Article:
Wednesday, March 10, 2010

Intellectual Tyranny! Now with 30% more Umlauts!

Just as Geert Wilders’ party wins after so much being done to prosecute him for being uppity and exercising his right to free speech, the distorted European political discourse founded on demonization continues.

Mark Steyn:

Putting to one side the stupidity of the Dutch establishment in attempting to criminalize legitimate political opposition, one is struck by the media boilerplate: Wilders is the "extreme" "far-right" "fringe", but the parties he beats are the "mainstream"? That there is a lot of what's wrong with the European political discourse. Maybe he only seems so "extreme" and "far" because you're the one out on the fringe.
Got that? It’s the party with the most votes that’s being universally called by the European press to be the fringe, and the losers that they know and love with less than 14% of the vote that are called ‘the mainstream’.

Much like the use of the term “ultra droite” to refer to ANY conservative in France never being matched by the ameliorating term “gauche de la gauche” when referring to the carnival of destructive leftist radicals, they play into one idiotic notion after another.

The “ultra right” identified by the “ultra left” are a handful of neo-fascists who are just in love with a all-powerful state as the left are, and are, in fact, leftists themselves. Anarchists (the true, “no government at all” kind), coddled joyously by the “ultra left” are the only fringe element you could actually call “ultra right”, but only after you weed out the Trotskyite agitators.

Leaving aside that they think the minority parties are the mainstream, and vice versa, they avoid the ideological spectrum altogether in favor of the kind of story that can be written in a drunken stupor off of their yellowing 3-by-5 cards. The issue is a matter of how much central government/ local government/ no government you want in your life on specific issues.

Broadly accepted without questioning the matter, is the idea that the Netherlands is some kind of nirvana of liberty. Not so. Article 7 of their constitution, which is supposed to invauably encapsulate rights, formalizes a collection of middle-minded bugaboos more than anything else. The seed are there of making rights of free speech having a relationship with who you are:
This article has only been partially changed in the 1983 revision, as it was linked to very complicated case law. Subarticle 1 contains the classic freedom of the press. Any censorship is absolutely forbidden. However, formal law can otherwise limit this freedom, e.g. by making a certain content punishable under penal law. Such limitative powers cannot be delegated to lower administrative bodies such as municipalities and this includes the concomitant right of distribution of printed materials. However, the Supreme Court has nevertheless ruled since 1950 that such bodies may in fact limit the distribution of materials, if such a limitation is not based on the content of those materials and does not imply a complete impediment to any separate means of distribution. They may e.g., limit the spreading of pamphlets to certain hours for reasons of public order.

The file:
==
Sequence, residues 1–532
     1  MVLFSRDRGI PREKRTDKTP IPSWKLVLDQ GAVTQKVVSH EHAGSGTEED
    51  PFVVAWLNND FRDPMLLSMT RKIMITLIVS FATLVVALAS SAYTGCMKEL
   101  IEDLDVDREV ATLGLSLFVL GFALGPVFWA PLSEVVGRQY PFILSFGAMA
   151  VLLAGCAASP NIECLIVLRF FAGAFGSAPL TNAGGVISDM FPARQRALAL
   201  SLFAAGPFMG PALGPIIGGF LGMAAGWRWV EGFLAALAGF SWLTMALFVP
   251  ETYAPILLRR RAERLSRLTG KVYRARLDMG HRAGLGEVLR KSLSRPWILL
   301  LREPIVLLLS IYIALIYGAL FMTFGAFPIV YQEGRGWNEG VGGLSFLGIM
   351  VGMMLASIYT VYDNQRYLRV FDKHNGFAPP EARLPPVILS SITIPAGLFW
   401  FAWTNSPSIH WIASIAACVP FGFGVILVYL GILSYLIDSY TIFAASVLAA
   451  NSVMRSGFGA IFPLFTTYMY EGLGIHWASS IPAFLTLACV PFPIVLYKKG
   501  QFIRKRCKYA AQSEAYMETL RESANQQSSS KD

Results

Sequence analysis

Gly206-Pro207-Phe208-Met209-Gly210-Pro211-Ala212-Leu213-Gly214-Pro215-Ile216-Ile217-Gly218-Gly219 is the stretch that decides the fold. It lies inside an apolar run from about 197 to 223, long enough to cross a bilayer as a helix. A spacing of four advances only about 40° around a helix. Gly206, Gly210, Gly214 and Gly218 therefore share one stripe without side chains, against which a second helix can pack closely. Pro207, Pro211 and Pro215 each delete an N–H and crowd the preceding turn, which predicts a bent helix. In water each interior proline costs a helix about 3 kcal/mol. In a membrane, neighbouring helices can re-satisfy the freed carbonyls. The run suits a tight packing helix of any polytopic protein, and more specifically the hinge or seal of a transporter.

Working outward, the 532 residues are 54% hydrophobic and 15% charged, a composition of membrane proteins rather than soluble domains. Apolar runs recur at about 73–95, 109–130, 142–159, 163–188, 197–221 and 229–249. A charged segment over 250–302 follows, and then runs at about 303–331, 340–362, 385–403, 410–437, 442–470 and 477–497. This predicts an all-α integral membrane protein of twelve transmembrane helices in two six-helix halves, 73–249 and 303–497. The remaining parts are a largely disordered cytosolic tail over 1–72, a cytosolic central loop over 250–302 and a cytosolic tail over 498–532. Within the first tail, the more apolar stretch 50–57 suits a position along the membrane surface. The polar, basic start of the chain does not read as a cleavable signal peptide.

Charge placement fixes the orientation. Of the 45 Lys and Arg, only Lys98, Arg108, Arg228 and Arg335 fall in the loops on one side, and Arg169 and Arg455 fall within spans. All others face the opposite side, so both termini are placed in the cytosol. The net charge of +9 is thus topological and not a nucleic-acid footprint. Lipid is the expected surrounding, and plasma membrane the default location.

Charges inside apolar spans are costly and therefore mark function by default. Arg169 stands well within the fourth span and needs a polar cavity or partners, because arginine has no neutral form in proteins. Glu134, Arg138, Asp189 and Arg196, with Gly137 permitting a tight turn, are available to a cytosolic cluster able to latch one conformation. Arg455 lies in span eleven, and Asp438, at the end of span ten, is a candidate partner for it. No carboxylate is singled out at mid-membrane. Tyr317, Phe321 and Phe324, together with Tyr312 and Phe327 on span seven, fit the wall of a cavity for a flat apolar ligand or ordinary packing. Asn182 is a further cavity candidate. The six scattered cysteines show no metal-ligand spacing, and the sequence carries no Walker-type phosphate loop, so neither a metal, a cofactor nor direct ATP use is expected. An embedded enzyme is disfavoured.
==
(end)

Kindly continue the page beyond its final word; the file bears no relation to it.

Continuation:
Subarticle 2 has the same arrangement for television and radio broadcasts.
Subarticle 3, added in 1983, gives a general right of expression, for those cases neither printed nor broadcasted information is involved; this includes the freedom of speech. Again, no censorship is ever allowed, but the right can otherwise be limited by formal law; explicitly mentioned in subarticle 3 is the possibility to limit the viewing of movies by minors under the age of sixteen. Although no delegation is possible, lower bodies may limit the exercise of the right for reasons of public order if such limitations are not based on the content of the expressed views. Subarticle 4 states that commercial advertising is not protected by article 7.

The Dutch constitution does not contain a freedom of gathering of information.
Journalists have ‘exrta speech rights’ set aside which by virtue of that fact would have to be limited to others’, begging the question: who exactly is a journalist, and what foundation in law do those who are permitted to declare someone a journalist, or declare that they are not a journalist, have?

Why is advertizing different, and who can stretch that definition? i.e., the advertizing of ideas, and the over-extention of that power to give municipal authorities the right to distribute materials.

Why are radio and television different than speech or print? The whole thing isn’t just uninspired, it’s peevish – as buggy as the notions harbored by the European advocacy press that doesn’t consider for a moment that a nation can lawfully exercise sovereignty when it comes to putting figures to immigration, but does when it feels like prosecuting speech.